amiatall

  • Guest
Re: The glimpse of the Self between two thoughts
« Reply #8 on: October 23, 2009, 02:27:47 PM »
silentgreen, to my mind, effort is absolute necessity, because you made an effort(AND STRONG ONE) to identify with that which you are not, so you need the same effort to stabilize in Self knowledge. But Bhagavan somewhere stated that to hold attention on the Self is not an effort, because you are being yourself at that moment so we can say from this standpoint of view that effort is to think! and not to be. Furthermore,

Dear devotees,
                    In  the article titled "Atma Vichara Padhikam" by Sadhu Om Swamigal (Oct 2007 issue of Mountain path) the second para of article reads as under.

"The 'thinker' alone is jiva(the individual who owns up thinking). The one who merely exists(bereft of all thoughts) is Isvara (the godhead or sakshi chaitanya).
 If the thinker jiva desires to remain still by merely focusing the attention on the sense of pure existance in the form of 'I am', such attention will quell all thinking activity(pravrtti) and transform itself into mode of pure Being(nivrtti) consciousness."
                 
                   From the above,my understanding is that when we turn our attention inwards on the feeling of 'I', for a brief period we are in a state of being free from thoughts and this state of  Being  which we term as interval between thoughts is  the consciousness/self.
Best regards
Viswanathan


Sadhu says that 'I' transforms into mode of pure Being consciousness, but he does not state anything further. So we can't conclude that this is the final state, it is pure Being. But isn't there something that sees this Being and all activities carried by it? Being comes, Being goes but who remains always?

silentgreen

  • Hero Member
  • *****
  • Posts: 757
    • View Profile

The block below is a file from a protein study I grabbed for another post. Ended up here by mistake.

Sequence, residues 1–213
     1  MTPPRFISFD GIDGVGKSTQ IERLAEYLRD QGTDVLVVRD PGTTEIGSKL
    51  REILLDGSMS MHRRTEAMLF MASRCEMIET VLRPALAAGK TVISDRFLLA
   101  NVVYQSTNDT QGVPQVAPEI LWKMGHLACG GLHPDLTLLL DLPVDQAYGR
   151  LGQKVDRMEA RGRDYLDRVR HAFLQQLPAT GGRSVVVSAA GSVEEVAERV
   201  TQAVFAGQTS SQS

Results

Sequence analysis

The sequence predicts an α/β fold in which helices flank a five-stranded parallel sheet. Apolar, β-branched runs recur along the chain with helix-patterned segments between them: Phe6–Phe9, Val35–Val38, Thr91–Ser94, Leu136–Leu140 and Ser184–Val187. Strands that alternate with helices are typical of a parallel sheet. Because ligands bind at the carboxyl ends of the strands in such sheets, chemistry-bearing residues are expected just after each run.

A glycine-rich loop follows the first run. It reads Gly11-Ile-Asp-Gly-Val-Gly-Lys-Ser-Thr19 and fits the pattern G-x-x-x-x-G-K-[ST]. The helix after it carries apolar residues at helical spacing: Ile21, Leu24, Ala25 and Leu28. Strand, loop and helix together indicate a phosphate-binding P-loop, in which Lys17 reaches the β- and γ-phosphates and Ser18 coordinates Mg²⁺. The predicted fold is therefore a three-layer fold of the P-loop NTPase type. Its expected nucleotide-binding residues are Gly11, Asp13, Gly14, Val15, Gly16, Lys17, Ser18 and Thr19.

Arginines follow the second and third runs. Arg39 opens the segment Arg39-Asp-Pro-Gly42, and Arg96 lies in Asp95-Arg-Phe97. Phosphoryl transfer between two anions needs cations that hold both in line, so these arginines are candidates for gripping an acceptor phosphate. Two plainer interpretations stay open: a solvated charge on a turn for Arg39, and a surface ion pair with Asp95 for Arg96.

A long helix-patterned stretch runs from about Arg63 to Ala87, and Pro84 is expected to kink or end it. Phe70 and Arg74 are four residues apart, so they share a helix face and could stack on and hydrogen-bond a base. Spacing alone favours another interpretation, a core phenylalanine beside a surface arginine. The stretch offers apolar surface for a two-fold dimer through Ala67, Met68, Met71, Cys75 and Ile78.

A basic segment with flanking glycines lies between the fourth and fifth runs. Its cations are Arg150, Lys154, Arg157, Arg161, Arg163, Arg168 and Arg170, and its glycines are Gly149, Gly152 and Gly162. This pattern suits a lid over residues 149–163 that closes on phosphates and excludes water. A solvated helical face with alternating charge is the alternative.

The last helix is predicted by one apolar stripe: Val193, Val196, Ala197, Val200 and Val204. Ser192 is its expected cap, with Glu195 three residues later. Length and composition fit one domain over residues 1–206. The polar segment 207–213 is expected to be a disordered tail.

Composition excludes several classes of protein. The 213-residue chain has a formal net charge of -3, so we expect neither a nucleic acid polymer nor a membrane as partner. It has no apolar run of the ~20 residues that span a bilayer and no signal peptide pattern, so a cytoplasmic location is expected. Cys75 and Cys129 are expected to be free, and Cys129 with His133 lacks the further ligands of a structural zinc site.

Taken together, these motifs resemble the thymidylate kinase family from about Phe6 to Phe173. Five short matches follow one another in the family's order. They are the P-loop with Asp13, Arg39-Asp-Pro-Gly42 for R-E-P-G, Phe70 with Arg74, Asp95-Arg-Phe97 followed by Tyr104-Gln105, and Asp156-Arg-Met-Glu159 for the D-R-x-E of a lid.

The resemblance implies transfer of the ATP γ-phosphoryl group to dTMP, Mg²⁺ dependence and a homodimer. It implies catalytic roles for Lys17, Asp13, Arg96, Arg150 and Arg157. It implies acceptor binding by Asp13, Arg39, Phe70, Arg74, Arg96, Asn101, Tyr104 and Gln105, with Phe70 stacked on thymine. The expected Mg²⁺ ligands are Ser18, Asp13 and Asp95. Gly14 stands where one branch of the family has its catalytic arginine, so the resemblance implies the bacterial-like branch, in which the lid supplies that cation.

Re: The glimpse of the Self between two thoughts
« Reply #9 on: October 23, 2009, 03:02:07 PM »
Dear skrudai,

What you say is true. Experience of the Self is always there.
However that experience is for most of us Self identified with mind tendencies.
The experience of Self in its pure form is very much different from this.

It is like experiencing city air and mountain air. The presence of air is same in both cases.
However experiencing mountain air is much different from experiencing dust-coated city air.
Even though the city person may be knowing very well that he is experiencing the same ever-present air, the experience is not the same. The mountain person on the other hand is not experiencing any altered state of air (like another state of mind), but air free from all contaminations.

Doing sadhana may not always be taken as opting for a new state of mind.
It may result in dis-identification instead of identification.

A person may have an ambition of acquiring a house, a car and name for himself.
This ambition will result in one state of consciousness because energy is following the thread of "I" and its desires. Another person may have an ambition of getting freed from all ambitions. This may result in freeing all ambitions including the first ambition.